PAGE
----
It is important to recognize that whenever there is a cluster of water molecules in liquid water, there will be a large number of 'decorating' water molecules on their periphery. Thus the linear H2O chain, cyclic pentamer, bicyclo-octamer, tricyclo-decamer, (H2O)20 dodecahedron, (H2O)100 (from ES), (H2O)280 ( ES) clusters form only ~33%, ~33%, ~36%, ~38%, ~50%, ~63%, ~70% respectively of their cluster+'decorating' H2O assemblage. These 'decorating' H2O molecules necessarily have different properties than the internal clusters and naturally form a second 'state' of water molecule present.
[Back to Top ]
Cluster and hydrogen-bond lifetimes are independent
On the right is a cartoon to aid the understanding of how the lifetimes of clusters are independent of the lifetime of individual linkages. The cartoon shows a two-dimensional representation of a three-dimensional phenomenon. The actual clusters of water molecules are not represented. It is supposed (opposite) that the star clusters (shown yellow filled) may reform around key structures (shown as rhombuses, sometimes red, but closed ring oligomers of H2O in water). For each shifting cluster a few units move to break up the existing cluster and help create a new cluster. The new clusters are identical to the old ones but only contain a proportion of the units. Thus. dynamic clusters may reform around any of the star arms. One mechanism for such cluster reorientation involves a proton cascade leading to cluster reorientation . Movement of such clusters may involve ther travelling as a wave form through the medium as well as flickering on and off unpredictably. b
Although the hydrogen bonds between water molecules in ice have equally short lifetimes to those in water, ice cubes, which can be considered as enormous ice clusters, can last forever at 0 °C in water.
Similarly but on a macro-scale on addition of solutes, water retains its integrity as liquid water with the hydrogen bond network connected throughout the entire bulk (percolating) and yet the local hydrogen bonds are known to be fleetingly breaking and forming . Cluster formation and lifetime are both increased by the highly cooperative nature of hydrogen bonding. Whenever low density clusters are formed they are surrounded by about the same number of 'decorating' water molecules with intermediate density.
There is a similarity, in principle, with John Conway's game "life" b in the persistence of some of its structures . [Back to Top ]
Icosahedral water clusters
Such a dynamic fluctuating self-replicating network of water molecules,
with localized and overlapping icosahedral
symmetry, was first proposed to exist in liquid water
in 1998  and the structure
subsequently independently found, by X-ray diffraction, in
water nanodrops in 2001 .
The clusters formed can interconvert between lower and higher
density forms by bending, but not breaking, some of the hydrogen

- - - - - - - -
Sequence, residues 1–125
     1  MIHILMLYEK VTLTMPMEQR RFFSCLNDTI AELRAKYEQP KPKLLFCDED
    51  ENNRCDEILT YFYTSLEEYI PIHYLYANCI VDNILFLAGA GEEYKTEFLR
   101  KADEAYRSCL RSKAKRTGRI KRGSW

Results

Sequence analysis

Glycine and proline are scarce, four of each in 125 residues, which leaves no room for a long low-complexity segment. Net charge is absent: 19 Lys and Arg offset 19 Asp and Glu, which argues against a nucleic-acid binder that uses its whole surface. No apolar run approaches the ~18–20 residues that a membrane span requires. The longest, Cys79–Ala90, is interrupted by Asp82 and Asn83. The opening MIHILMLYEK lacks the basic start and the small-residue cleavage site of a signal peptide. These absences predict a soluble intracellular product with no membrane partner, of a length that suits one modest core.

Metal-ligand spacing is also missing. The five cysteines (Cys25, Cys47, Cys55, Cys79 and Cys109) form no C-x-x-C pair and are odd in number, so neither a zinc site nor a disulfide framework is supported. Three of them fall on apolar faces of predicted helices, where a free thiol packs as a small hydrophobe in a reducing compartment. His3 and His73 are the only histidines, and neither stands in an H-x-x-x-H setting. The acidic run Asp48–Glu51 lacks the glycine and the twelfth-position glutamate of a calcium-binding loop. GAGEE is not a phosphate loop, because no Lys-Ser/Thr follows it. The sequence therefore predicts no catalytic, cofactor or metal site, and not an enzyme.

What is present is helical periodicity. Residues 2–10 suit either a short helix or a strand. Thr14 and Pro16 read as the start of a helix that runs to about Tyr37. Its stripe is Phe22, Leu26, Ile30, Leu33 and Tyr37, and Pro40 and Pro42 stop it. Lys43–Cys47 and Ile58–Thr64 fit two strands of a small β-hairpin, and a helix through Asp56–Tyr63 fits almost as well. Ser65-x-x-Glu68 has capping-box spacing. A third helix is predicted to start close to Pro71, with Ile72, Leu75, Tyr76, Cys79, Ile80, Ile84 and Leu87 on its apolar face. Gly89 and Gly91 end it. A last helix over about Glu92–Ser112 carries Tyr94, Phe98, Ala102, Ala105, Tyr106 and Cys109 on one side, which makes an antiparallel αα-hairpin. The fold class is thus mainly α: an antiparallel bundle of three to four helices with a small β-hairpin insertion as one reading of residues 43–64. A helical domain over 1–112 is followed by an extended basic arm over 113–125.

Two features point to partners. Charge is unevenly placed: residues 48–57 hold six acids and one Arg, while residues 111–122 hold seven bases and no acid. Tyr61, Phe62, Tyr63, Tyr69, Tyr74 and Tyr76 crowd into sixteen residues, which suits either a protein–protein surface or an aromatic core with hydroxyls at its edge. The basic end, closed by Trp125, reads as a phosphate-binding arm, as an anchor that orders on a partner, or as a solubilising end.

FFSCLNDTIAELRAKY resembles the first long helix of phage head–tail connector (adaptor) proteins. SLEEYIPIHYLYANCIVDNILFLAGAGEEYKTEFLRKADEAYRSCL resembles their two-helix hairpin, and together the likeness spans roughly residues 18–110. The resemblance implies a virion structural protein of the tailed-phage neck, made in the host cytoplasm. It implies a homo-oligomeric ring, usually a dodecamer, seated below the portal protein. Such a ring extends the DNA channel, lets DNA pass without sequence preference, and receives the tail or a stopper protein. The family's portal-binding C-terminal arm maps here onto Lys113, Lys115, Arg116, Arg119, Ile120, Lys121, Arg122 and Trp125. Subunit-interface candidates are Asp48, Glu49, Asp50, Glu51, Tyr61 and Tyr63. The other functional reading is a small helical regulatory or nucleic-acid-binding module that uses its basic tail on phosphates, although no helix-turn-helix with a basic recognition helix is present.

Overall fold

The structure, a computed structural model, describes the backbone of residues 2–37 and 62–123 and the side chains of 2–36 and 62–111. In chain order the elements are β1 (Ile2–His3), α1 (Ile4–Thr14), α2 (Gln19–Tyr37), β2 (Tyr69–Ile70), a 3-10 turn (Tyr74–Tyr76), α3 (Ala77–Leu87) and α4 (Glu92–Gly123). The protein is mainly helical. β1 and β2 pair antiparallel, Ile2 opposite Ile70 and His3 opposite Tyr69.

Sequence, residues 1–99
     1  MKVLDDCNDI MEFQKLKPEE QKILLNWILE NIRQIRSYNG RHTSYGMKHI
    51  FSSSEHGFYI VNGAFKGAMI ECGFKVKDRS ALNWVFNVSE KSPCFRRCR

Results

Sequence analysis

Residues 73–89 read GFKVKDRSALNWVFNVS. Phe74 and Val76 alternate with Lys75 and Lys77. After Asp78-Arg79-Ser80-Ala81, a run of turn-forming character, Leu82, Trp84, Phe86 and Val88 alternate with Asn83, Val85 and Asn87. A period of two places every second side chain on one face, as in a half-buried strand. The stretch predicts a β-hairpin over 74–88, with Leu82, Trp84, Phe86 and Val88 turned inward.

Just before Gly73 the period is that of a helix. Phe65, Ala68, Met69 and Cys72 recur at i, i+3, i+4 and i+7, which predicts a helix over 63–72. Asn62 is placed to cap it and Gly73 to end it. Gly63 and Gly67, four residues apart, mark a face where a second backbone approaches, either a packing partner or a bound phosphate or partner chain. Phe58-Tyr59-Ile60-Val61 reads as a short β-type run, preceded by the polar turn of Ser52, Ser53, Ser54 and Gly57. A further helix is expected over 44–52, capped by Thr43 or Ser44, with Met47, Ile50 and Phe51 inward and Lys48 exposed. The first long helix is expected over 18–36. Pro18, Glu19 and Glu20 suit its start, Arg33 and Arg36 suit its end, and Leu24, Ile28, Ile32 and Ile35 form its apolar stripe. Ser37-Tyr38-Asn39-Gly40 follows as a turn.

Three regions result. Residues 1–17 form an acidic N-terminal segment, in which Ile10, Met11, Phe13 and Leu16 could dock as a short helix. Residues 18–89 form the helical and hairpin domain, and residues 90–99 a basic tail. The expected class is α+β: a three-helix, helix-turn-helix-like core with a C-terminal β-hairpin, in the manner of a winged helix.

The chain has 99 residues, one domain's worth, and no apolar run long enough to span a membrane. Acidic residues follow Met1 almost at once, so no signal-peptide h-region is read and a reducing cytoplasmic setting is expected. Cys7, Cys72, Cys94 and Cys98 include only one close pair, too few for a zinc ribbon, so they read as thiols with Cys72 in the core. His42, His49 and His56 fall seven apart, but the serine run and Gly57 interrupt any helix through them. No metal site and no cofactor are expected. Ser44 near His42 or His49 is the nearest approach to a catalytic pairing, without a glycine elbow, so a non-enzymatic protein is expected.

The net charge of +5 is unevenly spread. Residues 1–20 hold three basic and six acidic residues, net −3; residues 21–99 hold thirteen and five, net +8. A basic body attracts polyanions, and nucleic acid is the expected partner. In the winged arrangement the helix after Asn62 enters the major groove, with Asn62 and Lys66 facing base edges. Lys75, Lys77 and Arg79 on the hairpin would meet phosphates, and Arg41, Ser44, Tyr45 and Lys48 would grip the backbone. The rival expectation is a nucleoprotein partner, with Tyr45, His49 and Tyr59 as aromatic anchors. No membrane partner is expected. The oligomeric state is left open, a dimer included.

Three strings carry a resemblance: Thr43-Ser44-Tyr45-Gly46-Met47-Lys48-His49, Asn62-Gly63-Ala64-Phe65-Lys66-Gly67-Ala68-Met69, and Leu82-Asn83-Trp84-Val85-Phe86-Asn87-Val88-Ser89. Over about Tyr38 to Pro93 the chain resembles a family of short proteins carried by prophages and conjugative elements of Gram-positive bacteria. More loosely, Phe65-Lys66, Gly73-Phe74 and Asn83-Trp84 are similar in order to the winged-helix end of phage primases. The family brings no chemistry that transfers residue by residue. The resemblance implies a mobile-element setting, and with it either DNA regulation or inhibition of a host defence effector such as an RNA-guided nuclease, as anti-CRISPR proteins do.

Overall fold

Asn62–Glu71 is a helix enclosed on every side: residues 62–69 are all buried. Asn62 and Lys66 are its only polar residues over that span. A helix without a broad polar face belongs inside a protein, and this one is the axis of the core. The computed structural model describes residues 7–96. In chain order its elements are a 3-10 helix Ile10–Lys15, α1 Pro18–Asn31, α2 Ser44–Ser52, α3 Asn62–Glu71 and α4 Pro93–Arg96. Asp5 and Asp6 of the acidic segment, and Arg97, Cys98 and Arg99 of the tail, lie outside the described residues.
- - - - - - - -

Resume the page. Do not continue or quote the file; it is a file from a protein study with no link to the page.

bonds. Structuring may also flicker between statistically and topographically equivalent
clusters but involving different molecules by shifting their cluster
centers. These polyhedral structures are idealized as given, and are considerably distorted and fragmented by thermal effects, but the existence of long-lived ring fragments is nevertheless considered to be well-founded . The cluster size required for ice formation has been estimated at about 400 molecules (one further layer of water around the icosahedral water core), although the structure of this core structure was indeterminable . As the temperature increases the average cluster
size, the cluster integrity and the proportion in the low-density
form all decrease. This structuring accommodates explanation of many of the anomalous properties
of water including its temperature-density and pressure-viscosity behavior, the radial distribution
pattern, the presence of both cyclic pentamers and hexamers,
the change in properties on supercooling a and the solvation and hydration properties of ions, hydrophobic molecules, carbohydrates and macromolecules. The model described
here offers a "two-state" structural model on to
which large molecules can be mapped in order to offer insights
into their interactions. [Back to Top ]
a As the temperature of supercooled water
drops further below 0 °C, the density, self-diffusion, thermal
conductivity, enthalpy and entropy all decrease whereas compressibility, viscosity, thermal convection, specific heat (CP) and gas solubility all increase. As the
pressure increases on supercooled water, viscosity and freezing point decrease whereas
entropy and self-diffusion increases.
b The Game of Life is 'played' on an infinite two-dimensional grid of squares, each of which is in one of two possible states, alive or dead (see right for an example). Every cell interacts with its eight adjacent neighbors using the four rules:
- Any live cell with fewer than two live neighbors dies, as if caused by under-population.
- Any live cell with two or three live neighbors lives on to the next generation.
- Any live cell with more than three live neighbors dies, as if by overcrowding.
- Any dead cell with exactly three live neighbors becomes a live cell, as if by reproduction.